1930s Enterprise case topic of book, talk

Published 3:07 am Saturday, October 8, 2016

On Fri., Oct. 21, at noon, author Joseph M. Beck will present My Father and Atticus Finch: A Lawyer’s Fight for Justice in 1930s Alabama, at the Alabama Department of Archives and History in Montgomery.

1008-atticus-finchAs a child, Joe Beck heard about his father’s legacy. Foster Beck was a respected trial lawyer who defied the unspoken code of 1930s Alabama by defending a black man charged with raping a white woman. Now a lawyer himself, Joe Beck became intrigued by the similarities between his father’s story and the one at the heart of Harper Lee’s iconic novel, To Kill a Mockingbird. In his new memoir, My Father and Atticus Finch, Beck uses his father’s handwritten family history, as well as conversations with his parents, newspaper articles detailing the sensational trial, the trial transcript, and the Alabama Supreme Court decision, to vividly reconstruct his father’s role in the 1938 trial-much publicized when Harper Lee was just twelve years old. On Oct. 21 at the Archives, Beck will discuss his memoir and the saga of a trial that captivated the community of Enterprise, Ala.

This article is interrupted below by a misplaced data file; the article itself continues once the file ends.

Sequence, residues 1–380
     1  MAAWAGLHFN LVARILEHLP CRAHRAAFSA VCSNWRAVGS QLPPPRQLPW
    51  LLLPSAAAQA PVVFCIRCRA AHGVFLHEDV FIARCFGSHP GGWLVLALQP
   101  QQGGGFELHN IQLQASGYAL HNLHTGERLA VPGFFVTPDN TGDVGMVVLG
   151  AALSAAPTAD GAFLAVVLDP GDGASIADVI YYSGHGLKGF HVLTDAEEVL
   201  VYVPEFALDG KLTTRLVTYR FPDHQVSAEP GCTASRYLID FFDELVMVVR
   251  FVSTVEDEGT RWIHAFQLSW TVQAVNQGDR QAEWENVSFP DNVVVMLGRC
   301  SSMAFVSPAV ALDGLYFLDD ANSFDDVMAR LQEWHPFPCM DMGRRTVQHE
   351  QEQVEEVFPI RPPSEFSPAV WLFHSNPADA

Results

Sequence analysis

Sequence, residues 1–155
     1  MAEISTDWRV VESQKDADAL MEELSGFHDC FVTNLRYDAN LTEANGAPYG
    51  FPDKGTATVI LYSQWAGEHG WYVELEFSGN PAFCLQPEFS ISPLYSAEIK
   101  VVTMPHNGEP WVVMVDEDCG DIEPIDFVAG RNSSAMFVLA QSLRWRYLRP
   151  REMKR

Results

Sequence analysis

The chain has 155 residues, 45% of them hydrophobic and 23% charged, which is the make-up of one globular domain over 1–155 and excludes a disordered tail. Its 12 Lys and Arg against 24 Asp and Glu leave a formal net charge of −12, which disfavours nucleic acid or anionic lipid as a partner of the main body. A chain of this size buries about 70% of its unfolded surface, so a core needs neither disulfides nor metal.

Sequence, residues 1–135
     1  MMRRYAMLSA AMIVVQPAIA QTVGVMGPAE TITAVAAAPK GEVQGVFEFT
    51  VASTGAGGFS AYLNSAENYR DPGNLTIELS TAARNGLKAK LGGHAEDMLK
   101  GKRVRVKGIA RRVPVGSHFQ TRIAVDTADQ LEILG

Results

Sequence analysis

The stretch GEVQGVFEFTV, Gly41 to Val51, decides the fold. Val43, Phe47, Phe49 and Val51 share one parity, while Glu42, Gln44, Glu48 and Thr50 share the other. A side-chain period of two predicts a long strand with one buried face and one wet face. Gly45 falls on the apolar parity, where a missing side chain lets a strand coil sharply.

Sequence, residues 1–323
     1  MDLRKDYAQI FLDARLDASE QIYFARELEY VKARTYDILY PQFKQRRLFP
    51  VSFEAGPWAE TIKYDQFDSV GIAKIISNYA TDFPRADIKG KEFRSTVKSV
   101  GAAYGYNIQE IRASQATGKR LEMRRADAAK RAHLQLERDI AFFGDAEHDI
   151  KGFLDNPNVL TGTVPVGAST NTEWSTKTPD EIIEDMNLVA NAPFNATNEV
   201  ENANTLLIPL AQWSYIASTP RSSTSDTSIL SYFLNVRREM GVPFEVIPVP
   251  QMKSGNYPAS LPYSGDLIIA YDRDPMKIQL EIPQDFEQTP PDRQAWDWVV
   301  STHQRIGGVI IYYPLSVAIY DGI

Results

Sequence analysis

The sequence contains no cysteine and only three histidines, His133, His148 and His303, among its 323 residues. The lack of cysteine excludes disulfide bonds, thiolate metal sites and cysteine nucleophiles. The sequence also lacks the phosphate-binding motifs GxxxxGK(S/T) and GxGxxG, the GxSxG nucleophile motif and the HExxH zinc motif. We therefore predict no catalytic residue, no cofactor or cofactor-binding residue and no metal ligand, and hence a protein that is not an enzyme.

Beck is a Harvard Law graduate who has served as lead counsel in some of the most important copyright cases in the United States. He was named Intellectual Property Lawyer of the Year by Intellectual Property Magazine and a “Power Mediator” by the Hollywood Reporter. Prior to moving to Atlanta, he represented indigents in Washington, D.C., produced a television program on the law, developed a mathematical model of the criminal justice system for the Urban Institute and served in the U.S. Army, receiving the meritorious services medal.

Admission to this book talk is free. The public is invited to bring a brown bag lunch. Complimentary beverages will be provided. Copies of Beck’s memoir will be available for purchase.